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The National Academy of Sciences is a private, nonprofit, self-perpetuating society of distinguished scholars engaged in scientific and engineering research, dedicated to the furtherance of science and technology and to their use for the general welfare. Upon the authority of the charter granted to it by the Congress in 1863, the Academy has a mandate that requires it to advise the federal government on scientific and technical matters. Dr. Ralph J. Cicerone is president of the National Academy of Sciences. The National Academy of Engineering was established in 1964, under the charter of the National Academy of Sciences, as a parallel organization of outstanding engineers. It is autonomous in its administration and in the selection of its members, sharing with the National Academy of Sciences the responsibility for advising the federal government. The National Academy of Engineering also sponsors engineering programs aimed at meeting national needs, encourages education and research, and recognizes the superior achievements of engineers. Dr. Charles M. Vest is president of the National Academy of Engineering. The Institute of Medicine was established in 1970 by the National Academy of Sciences to secure the services of eminent members of appropriate professions in the examination of policy matters pertaining to the health of the public. The Institute acts under the responsibility given to the National Academy of Sciences by its congressional charter to be an adviser to the federal government and, upon its own initiative, to identify issues of medical care, research, and education. Dr. Harvey V. Fineberg is president of the Institute of Medicine. The National Research Council was organized by the National Academy of Sciences in 1916 to associate the broad community of science and technology with the Academy’s purposes of furthering knowledge and advising the federal government. Functioning in accordance with general policies determined by the Academy, the Council has become the principal operating agency of both the National Academy of Sciences and the National Academy of Engineering in providing services to the government, the public, and the scientific and engineering communities. The Council is administered jointly by both Academies and the Institute of Medicine. Dr. Ralph J. Cicerone and Dr. Charles M. Vest are chair and vice chair, respectively, of the National Research Council. www.national-academies.org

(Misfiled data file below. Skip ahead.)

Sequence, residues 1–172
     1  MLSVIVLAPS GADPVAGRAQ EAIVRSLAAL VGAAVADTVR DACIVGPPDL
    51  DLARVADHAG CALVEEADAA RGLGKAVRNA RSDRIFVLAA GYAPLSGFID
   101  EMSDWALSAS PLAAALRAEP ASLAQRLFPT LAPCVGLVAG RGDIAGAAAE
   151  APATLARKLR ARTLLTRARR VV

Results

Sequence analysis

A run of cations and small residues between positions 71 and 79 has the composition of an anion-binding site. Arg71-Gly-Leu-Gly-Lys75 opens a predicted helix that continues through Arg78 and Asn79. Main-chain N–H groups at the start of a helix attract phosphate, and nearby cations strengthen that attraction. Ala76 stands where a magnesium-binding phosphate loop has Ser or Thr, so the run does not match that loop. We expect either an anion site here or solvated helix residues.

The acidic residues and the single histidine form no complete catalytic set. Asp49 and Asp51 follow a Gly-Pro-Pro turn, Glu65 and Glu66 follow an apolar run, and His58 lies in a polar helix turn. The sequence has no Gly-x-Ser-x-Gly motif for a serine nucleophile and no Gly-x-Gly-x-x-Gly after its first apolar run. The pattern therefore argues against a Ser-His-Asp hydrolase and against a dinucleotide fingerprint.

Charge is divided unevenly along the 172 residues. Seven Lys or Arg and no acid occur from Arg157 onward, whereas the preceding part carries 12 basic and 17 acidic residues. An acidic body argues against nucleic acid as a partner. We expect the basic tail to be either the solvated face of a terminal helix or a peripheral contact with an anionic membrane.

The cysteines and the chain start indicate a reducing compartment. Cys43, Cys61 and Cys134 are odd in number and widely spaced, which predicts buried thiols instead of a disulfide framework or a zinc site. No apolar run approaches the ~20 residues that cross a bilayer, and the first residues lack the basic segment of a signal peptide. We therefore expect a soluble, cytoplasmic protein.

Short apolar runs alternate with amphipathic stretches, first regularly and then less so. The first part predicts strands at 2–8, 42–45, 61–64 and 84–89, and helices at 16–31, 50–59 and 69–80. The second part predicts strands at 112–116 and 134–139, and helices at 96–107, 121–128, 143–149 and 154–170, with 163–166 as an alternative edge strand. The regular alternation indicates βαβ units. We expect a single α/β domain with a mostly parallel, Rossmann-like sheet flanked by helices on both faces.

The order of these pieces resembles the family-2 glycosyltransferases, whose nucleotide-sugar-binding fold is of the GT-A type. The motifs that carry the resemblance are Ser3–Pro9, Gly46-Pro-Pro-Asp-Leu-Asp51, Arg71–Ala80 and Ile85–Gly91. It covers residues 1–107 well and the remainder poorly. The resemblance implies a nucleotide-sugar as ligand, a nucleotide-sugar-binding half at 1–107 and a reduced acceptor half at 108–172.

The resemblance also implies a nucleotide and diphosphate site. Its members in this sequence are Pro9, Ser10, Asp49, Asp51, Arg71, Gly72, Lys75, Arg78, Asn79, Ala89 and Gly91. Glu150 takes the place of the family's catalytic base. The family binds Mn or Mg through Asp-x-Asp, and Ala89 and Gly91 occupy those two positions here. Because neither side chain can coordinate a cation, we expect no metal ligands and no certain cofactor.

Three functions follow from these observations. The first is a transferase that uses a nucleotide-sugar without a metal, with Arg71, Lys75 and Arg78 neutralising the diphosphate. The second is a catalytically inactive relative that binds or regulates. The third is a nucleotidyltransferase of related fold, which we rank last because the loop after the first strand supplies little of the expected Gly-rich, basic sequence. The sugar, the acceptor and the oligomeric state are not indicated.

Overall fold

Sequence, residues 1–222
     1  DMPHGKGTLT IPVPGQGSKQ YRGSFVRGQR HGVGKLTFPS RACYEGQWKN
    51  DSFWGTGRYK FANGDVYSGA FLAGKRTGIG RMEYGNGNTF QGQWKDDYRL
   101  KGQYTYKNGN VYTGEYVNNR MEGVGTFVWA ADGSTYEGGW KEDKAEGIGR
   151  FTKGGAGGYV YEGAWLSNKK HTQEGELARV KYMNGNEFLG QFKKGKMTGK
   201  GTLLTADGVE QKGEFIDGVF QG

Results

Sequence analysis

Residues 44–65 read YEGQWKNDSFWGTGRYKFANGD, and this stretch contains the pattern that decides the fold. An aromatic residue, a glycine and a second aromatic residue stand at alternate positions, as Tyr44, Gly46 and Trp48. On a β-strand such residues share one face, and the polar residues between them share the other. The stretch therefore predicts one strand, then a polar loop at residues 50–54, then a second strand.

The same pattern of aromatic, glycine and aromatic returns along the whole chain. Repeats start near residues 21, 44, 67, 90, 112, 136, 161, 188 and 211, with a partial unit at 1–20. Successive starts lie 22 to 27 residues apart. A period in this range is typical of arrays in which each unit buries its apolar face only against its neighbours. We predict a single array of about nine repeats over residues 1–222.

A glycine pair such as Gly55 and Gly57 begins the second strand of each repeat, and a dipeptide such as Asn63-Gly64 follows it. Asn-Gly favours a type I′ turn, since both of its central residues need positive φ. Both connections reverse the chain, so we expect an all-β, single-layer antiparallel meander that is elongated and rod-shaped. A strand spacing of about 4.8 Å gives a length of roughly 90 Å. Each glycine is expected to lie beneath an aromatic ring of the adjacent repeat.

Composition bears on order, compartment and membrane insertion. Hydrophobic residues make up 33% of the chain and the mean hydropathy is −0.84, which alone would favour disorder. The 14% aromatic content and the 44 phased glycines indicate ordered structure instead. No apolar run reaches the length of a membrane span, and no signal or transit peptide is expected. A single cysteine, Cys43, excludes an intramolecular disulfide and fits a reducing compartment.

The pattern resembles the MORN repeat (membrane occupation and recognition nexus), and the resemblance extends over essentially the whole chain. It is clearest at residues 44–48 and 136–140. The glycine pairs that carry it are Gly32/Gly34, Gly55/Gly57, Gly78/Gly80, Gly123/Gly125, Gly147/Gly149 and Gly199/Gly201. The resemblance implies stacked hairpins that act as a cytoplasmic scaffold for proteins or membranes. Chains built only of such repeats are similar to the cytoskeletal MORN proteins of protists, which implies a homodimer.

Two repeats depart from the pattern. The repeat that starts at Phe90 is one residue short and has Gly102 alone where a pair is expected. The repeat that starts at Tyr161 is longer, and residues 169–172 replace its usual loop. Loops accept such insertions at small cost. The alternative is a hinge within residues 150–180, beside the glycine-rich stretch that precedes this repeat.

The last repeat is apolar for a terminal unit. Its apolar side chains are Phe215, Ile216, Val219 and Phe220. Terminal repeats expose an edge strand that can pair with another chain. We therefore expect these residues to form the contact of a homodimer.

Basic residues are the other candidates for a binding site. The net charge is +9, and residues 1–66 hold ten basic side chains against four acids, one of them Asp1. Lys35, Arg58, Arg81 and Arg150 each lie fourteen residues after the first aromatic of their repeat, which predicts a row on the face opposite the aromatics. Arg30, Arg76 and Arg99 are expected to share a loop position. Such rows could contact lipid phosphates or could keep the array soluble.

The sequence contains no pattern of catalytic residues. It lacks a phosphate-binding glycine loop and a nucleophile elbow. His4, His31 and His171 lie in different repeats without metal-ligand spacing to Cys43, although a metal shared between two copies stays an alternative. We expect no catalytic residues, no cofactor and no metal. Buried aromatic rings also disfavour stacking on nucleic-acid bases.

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Other Reports of the Space Studies Board Assessment of the NASA Astrobiology Institute (2007) An Astrobiology Strategy for the Exploration of Mars (SSB with the Board on Life Sciences, 2007) Building a Better NASA Workforce: Meeting the Workforce Needs for the National Vision for Space Exploration (SSB with the Aeronautics and Space Engineering Board [ASEB], 2007) Decadal Science Strategy Surveys: Report of a Workshop (2007) Earth Science and Applications from Space: National Imperatives for the Next Decade and Beyond (2007) Exploring Organic Environments in the Solar System (SSB with the Board on Chemical Sciences and Technology, 2007) Grading NASA’s Solar System Exploration Program: A Midterm Review (2007) NASA’s Beyond Einstein Program: An Architecture for Implementation (SSB with the Board on Physics and Astronomy [BPA], 2007) A Performance Assessment of NASA’s Astrophysics Program (SSB with BPA, 2007) Portals to the Universe: The NASA Astronomy Science Centers (2007) The Scientific Context for Exploration of the Moon (2007) An Assessment of Balance in NASA’s Science Programs (2006) Assessment of NASA’s Mars Architecture 2007-2016 (2006) Assessment of Planetary Protection Requirements for Venus Missions: Letter Report (2006) Distributed Arrays of Small Instruments for Solar-Terrestrial Research: Report of a Workshop (2006) Issues Affecting the Future of the U.S. Space Science and Engineering Workforce: Interim Report (SSB with ASEB, 2006) Review of NASA’s 2006 Draft Science Plan: Letter Report (2006) The Scientific Context for Exploration of the Moon⎯Interim Report (2006) Space Radiation Hazards and the Vision for Space Exploration (2006) The Astrophysical Context of Life (SSB with the Board on Life Sciences, 2005) Earth Science and Applications from Space: Urgent Needs and Opportunities to Serve the Nation (2005) Extending the Effective Lifetimes of Earth Observing Research Missions (2005) Preventing the Forward Contamination of Mars (2005) Principal-Investigator-Led Missions in the Space Sciences (2005) Priorities in Space Science Enabled by Nuclear Power and Propulsion (SSB with ASEB, 2005) Review of Goals and Plans for NASA’s Space and Earth Sciences (2005) Review of NASA Plans for the International Space Station (2005) Science in NASA’s Vision for Space Exploration (2005) Limited copies of these reports are available free of charge from: Space Studies Board National Research Council The Keck Center of the National Academies 500 Fifth Street, N.W., Washington, DC 20001 (202) 334-3477/ssb@nas.edu www.nationalacademies.org/ssb/ssb.html NOTE: Listed according to year of approval for release, which in some cases precedes the year of publication. iv